Last updated at Mon, 24 Jul 2017 14:39:01 GMT

Happy Friday, federal friends! Welcome to February, the funniest month of them all! In all seriousness though, I am looking forward to meeting a lot of you at our DC Roadshow next week!

As you can guess from the title this week I am going to talk about some issues around the Olympics. Issues not involving water or toilets that is. No, Rapid7 did not send me to Sochi. Although it would be groundbreaking to have a once-a-week blogger be sent to the front lines of cyberterrorism. The reason I want to touch on the happenings at Sochi is because these games are a great example of the threat landscape moving forward. US-CERT released an alert about basically everything Sochi and the threats surrounding:

  1. Hacktivists
    • These folks are looking to make waves. The world is watching so this would be the perfect time for Anonymous or another organization to stir the pot.
  2. Olympic Coverage
    • With NBCUniversal offering exclusive live coverage, it's important for consumers watching the games online to make sure that the link they click matches up with an NBC domain.
  3. Purchasing Tickets/Merchandise
    • The official website is for both tickets and Merchandise. While there are other ATR sites available, verify through the official site that the ATR is authorized to be selling goods,
  4. Traveling to Sochi
    • Be wary, no matter what. There are reports flying all over the place of attendees being hacked. While most of these are unverified as of yet, it's an easy assumption that the risk of attack in the area is very high. Keep in mind that aside from criminal organizations focused on information for monetary value (cc info, baking creds) the Russian FSB is allowed to operate under The System of Operative-Investigative Measures. SORM has 3 main levels that monitor, capture, or block any form of electronic communication. Part of SORM-3 is the aggregation of all this data and provides long term storage for it as well.

Why is all of this important? It's important because this is the largest international event so far this year, with more on the way. The World Cup is coming up in Brazil later this year, with the Olympics coming to Rio in 2016, so these threats aren't going away. Instead the attackers will learn more about the defenses and adjust their tactics. This is why, whether you or your employees are attending or simply watching any of these events it's best practice to do a cybersecurity refresher prior to these events kicking off. They need to understand that in addition to their accounts being compromised they could actually end up providing the backdoor to your network that an attacker loves to see.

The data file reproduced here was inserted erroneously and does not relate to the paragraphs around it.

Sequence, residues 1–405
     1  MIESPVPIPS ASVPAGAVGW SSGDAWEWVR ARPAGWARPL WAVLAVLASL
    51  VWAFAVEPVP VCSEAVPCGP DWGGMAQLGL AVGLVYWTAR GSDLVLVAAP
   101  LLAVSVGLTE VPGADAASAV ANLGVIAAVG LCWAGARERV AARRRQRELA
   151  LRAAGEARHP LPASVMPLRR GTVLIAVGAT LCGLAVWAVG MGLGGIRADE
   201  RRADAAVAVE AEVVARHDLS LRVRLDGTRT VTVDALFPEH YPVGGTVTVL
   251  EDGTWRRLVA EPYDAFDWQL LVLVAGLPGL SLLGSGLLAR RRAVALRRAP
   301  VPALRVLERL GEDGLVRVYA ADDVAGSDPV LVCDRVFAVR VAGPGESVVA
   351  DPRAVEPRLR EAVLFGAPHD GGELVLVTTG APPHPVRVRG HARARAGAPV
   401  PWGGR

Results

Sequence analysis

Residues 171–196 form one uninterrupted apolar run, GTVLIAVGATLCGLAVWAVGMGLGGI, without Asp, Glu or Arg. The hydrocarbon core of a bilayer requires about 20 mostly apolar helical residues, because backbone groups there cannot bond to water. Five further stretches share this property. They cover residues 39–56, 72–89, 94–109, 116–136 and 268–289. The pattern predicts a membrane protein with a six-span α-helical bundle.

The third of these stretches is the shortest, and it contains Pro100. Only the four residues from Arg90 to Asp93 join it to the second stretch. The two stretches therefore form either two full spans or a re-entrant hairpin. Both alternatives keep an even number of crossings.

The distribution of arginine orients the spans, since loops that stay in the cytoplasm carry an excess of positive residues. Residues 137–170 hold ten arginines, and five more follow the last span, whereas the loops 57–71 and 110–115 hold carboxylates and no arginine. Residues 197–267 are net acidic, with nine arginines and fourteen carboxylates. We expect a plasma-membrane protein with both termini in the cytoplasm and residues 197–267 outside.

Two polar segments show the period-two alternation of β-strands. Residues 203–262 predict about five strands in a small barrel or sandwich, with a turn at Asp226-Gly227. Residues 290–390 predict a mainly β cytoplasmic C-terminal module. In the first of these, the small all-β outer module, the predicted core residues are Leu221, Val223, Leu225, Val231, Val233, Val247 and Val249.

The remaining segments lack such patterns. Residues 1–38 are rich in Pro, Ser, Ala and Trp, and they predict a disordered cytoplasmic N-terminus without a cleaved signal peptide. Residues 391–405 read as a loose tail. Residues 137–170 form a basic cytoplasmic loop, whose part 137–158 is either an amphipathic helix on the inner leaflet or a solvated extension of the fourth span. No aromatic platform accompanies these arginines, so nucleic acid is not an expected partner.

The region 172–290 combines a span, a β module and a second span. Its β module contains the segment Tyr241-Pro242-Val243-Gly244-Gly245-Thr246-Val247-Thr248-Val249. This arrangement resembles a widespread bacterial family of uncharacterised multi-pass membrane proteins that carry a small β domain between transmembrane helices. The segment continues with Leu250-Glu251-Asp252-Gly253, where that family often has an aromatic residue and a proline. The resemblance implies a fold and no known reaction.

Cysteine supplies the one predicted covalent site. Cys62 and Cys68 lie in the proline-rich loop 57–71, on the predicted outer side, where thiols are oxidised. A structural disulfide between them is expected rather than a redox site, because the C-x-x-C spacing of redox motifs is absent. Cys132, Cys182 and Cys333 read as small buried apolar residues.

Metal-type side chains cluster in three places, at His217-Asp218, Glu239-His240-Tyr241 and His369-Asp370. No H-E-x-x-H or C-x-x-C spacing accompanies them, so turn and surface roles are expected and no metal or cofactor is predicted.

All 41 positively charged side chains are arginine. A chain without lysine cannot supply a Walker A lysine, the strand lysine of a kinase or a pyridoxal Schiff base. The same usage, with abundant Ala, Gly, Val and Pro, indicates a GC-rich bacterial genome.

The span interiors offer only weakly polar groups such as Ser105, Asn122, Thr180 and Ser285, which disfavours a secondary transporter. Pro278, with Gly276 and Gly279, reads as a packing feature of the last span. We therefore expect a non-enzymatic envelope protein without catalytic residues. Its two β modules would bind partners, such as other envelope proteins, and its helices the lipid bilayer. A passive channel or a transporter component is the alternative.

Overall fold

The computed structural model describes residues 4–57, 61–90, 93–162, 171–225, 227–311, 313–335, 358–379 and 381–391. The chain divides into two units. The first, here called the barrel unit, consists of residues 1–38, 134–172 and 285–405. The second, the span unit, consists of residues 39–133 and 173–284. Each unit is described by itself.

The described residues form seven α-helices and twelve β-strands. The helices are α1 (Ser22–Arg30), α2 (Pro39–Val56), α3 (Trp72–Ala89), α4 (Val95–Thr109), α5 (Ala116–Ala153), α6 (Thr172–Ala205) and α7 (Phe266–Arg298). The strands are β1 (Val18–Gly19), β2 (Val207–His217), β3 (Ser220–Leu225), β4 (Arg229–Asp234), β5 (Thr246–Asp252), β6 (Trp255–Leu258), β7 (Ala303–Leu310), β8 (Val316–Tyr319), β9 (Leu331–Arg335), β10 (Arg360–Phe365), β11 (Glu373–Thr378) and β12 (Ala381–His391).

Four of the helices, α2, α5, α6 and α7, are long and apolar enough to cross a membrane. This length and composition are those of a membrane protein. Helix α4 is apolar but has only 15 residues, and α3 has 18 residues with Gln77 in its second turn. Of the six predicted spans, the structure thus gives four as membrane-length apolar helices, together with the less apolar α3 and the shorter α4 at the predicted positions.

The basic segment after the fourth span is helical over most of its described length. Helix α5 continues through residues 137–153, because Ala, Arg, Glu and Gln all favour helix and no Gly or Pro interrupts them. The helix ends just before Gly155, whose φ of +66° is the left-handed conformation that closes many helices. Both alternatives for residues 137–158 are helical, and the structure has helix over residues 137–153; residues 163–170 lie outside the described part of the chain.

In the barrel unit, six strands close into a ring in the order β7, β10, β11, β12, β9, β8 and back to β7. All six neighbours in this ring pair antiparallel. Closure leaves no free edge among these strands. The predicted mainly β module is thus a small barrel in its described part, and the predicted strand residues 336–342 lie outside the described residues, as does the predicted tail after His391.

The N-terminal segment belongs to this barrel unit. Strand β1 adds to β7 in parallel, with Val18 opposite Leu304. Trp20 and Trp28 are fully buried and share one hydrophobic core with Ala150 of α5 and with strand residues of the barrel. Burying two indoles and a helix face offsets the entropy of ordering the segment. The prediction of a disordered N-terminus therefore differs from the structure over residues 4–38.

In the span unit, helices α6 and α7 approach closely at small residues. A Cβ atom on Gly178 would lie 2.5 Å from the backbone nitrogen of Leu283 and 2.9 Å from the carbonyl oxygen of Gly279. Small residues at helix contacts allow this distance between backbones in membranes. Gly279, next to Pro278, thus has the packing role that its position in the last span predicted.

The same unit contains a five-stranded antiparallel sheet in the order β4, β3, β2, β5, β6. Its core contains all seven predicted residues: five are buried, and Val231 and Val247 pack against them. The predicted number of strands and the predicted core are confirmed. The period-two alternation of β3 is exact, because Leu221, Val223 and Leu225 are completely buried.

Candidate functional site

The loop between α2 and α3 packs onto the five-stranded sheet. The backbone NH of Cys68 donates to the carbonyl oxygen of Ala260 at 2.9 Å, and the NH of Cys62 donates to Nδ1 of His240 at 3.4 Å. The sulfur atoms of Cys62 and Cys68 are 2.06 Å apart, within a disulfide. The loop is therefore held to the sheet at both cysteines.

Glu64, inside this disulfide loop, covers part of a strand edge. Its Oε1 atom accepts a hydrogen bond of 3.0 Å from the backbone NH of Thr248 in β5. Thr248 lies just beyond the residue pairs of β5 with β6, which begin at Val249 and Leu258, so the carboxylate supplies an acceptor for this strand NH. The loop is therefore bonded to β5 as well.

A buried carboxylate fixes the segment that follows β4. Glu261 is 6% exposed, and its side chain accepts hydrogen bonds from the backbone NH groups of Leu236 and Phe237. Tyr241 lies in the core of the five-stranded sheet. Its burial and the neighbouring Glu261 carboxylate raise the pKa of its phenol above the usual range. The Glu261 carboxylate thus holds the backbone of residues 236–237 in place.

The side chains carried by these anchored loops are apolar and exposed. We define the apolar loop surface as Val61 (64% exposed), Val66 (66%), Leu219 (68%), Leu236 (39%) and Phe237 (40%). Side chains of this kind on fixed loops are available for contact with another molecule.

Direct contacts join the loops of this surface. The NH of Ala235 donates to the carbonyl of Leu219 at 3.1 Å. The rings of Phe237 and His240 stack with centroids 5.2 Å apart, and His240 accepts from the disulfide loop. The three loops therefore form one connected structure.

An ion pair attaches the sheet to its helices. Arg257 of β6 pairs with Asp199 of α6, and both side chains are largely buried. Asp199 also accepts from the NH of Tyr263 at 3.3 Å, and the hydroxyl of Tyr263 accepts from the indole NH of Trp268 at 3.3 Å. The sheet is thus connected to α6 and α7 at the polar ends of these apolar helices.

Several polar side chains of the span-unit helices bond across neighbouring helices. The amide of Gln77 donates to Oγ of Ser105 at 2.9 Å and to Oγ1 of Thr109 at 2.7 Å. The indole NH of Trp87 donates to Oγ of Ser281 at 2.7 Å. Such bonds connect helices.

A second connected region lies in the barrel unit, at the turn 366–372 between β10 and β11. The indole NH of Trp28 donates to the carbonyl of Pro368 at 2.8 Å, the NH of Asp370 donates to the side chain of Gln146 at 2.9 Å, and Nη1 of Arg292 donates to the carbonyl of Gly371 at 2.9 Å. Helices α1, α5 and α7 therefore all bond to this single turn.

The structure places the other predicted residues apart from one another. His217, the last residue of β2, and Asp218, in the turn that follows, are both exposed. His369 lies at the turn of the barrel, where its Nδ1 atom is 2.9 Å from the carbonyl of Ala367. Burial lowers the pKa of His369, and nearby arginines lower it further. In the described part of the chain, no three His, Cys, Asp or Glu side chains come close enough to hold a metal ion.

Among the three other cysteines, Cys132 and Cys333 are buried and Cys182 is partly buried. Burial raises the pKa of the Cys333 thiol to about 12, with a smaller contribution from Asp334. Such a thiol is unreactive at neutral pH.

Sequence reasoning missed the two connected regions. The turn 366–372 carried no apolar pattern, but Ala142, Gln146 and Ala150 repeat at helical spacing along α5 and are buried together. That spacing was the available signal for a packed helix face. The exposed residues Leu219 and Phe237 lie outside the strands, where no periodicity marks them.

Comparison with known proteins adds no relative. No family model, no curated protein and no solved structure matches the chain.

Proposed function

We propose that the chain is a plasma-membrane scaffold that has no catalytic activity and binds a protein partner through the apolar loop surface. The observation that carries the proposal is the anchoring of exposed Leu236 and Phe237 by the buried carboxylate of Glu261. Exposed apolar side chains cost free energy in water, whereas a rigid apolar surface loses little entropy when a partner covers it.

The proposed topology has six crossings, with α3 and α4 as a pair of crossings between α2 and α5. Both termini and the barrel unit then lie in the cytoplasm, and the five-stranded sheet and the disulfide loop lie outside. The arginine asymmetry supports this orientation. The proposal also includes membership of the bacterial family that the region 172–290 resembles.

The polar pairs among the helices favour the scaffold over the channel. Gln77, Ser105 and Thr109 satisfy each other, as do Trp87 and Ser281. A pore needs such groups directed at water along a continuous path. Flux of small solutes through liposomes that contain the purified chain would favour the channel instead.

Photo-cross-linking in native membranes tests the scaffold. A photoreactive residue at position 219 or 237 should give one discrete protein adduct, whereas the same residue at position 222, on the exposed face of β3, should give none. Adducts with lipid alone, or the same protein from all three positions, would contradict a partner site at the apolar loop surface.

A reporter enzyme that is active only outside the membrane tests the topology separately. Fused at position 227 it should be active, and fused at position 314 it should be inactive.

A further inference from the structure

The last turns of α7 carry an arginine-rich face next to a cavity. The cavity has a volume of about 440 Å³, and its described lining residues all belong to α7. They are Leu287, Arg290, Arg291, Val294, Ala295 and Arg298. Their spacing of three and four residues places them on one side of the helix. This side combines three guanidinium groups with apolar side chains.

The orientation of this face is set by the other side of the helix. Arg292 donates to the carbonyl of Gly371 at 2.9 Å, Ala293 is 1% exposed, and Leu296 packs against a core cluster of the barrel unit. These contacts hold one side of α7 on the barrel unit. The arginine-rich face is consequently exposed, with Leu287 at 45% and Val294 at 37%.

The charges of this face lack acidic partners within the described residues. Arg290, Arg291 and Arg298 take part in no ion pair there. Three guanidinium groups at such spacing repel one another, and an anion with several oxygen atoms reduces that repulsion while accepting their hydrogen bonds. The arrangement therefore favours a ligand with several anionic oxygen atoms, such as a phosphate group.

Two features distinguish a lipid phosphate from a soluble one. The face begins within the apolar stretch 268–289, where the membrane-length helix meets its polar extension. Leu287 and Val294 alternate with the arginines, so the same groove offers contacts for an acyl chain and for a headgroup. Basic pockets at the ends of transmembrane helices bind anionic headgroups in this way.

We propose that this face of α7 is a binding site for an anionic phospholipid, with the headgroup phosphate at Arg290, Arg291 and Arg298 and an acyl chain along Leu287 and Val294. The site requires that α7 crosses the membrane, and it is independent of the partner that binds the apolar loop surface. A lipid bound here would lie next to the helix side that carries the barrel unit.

Which segues beautifully to the recent Target hack which was found to have ultimately been caused by a 3rd party HVAC company. While it seems odd that an HVAC company would have access to target's network, Krebs highlighted that many of these large retailers give 3rd party access to find ways to save costs by monitoring power and utility consumption. Seems innocent enough, right? Well what happens when that 3rd party with network access gets breached? YOU GET BREACHED. While the Target hack in it's own right probably won't happen in the federal space, attacks that are similar in nature can. While the attackers won't be going after your "customer's" credit card info, they might be targeting the intellectual property you have stored on your network. What can you do?

  1. Segment your Network if possible
    • Keep critical information out of their reach entirely. Target did not segment their POS terminals from the rest of their network. That oversight allowed the attackers to go through the backdoor and quietly place their malware on most of their POS terminal. While one would think it makes sense to have this aspect of the network segemted, its not required via PCI. As I highlighted last week, solely focusing on checking the box ends up costing you more money.
  2. Educate your Vendors
    • If they need access to the network work with them to refine and secure their access point and corresponding information.
  3. Deploy 2 Factor Authentication Practices
    • As someone who has worked in various industries there are times where I needed access to 3rd party networks and was sent a token to get me in. While I thought this was annoying at the time the additional levels of security they forced me to adopt help limit the risk I posed to their network.

If you are joining us at the Roadshow this week make sure and come to say hi. Any positive feedback I can use to keep our overbearing community manager at bay is greatly appreciated.